1. War Photographers: The Shot that Nearly Killed Me

    "Port au Prince was falling. It was riotous, with widespread looting. A group of us had gone to the port. The thugs with guns didn’t want us there. We snapped from the waist, trying not to make it obvious. We decided to go over the wall. One thug offered me "protection". As we jumped the wall, I saw this boy, and was like, "This is what it’s come to." It was my first digital assignment and I was amazed to be able to look at my shots. I did for a second; when I looked up, everyone had run off. It was just me and the thug. It was like a dog that smells fear. He began pushing and threatening me. Then I was surrounded. One of them hit me. I had a few dollar bills in my trousers, and put my hand there. They began tearing at me, fighting over the bills. I waited 30 seconds, started to walk away, then ran and scaled the fence. On the other side, I tried to breathe.

    I began shooting one guy a metre away. He screamed and pulled a shotgun. I saw the barrel, then he shot the man next to me – I had blood on me, brains. I was crying, shaking. I ran to the car horrified; I was a mess. I love Haiti, but every time I pass the port, I carry some of that fear.” - Saul Schwarz

    Unreal read of the day. More at the Guardian

     



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  3. If you own pet, know anyone who owns one or have ever considered owning one you need to watch the first 90s of the video and make sure you read this. The popular foods found in the big pet chain stores are actually produced by huge multinational companies like P&G, Colgate Palmolive and Mars. Why are corporations that specialize in shampoos and dishwashing soaps in the pet food industry in the first place? It’s gro$$. Pedigree, Iams, Science Diet, Pro Plan, Royal Canine, Purina, Alpo, Beneful, Nutro, and Eukanuba all make terribly gross dog foods. While these brands may be cheaper than their healthier counterparts, if you breakdown the calories per serving the organic brands are actually a much better value (vet bills!). It’s like the difference between eating taco bell meat everyday or real, 100% beef steak, except the taco bell meat contains road kill, bird beaks and other ‘meat byproducts.’

    Be a responsible pet owner and spread the word. Definitely read this to see which foods are worth buying and what to consider when choosing your pet’s food. Also, never switch your dog’s diet immediately (his stomach will blow up). Mix in small bits of the new food with the old and gradually change over his diet to the new food over a 1-2 wk span.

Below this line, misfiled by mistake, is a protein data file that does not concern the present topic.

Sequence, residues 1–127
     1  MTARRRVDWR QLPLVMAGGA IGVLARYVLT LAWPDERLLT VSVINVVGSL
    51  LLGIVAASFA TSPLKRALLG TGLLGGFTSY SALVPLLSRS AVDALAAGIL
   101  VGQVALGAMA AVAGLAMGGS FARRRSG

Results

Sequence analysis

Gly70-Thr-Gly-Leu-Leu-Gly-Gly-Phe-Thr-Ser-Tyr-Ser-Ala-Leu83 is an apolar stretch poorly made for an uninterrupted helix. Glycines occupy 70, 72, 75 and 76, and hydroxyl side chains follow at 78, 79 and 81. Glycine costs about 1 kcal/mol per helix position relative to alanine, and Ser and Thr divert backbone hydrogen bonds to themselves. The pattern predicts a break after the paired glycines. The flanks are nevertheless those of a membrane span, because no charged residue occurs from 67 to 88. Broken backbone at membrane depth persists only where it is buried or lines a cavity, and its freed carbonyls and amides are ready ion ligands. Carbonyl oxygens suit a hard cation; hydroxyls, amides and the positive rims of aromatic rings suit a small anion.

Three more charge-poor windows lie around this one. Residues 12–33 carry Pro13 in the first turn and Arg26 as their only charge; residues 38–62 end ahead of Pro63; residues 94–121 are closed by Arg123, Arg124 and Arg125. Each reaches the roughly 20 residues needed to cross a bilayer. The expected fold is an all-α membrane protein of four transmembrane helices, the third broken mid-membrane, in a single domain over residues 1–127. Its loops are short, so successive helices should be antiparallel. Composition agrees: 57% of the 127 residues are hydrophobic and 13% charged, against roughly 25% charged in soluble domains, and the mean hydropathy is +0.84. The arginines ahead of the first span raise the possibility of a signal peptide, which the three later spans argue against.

4. Lemonaid

    1. Make delicious lemonade from fresh, organic products raised on fairtrade Co-Ops
    2. Get brilliant creatives to brand it (including rad music for the website and a great tagline)
    3. Sell to the masses
    4. Donate major share of annual revenue back to farms and development projects
     


  5. Julian Assange and Wikileaks

    First watch this:

    The read this Open Letter to Julian Assange from Reporters Without Borders:

    Dear Mr. Assange,

    Reporters Without Borders, an international press freedom organisation, regrets the incredible irresponsibility you showed when posting your article “Afghan War Diary 2004 - 2010” on the Wikileaks website on 25 July together with 92,000 leaked documents disclosing the names of Afghans who have provided information to the international military coalition that has been in Afghanistan since 2001.

    Wikileaks has in the past played a useful role by making information available to the US and international public that exposed serious violations of human rights and civil liberties which the Bush administration committed in the name of its war against terror. Last April’s publication of a video of the killing of two employees of the Reuters news agency and other civilians by US military personnel in Baghdad in July 2007 was clearly in the public interest and we supported this initiative. It was a response to the Obama administration’s U-turn on implementation of the Freedom of Information Act. The White House broke its word in May 2009, when it defied a court order and refused to release photos of the mistreatment of detainees in Afghanistan and Iraq.

    But revealing the identity of hundreds of people who collaborated with the coalition in Afghanistan is highly dangerous. It would not be hard for the Taliban and other armed groups to use these documents to draw up a list of people for targeting in deadly revenge attacks.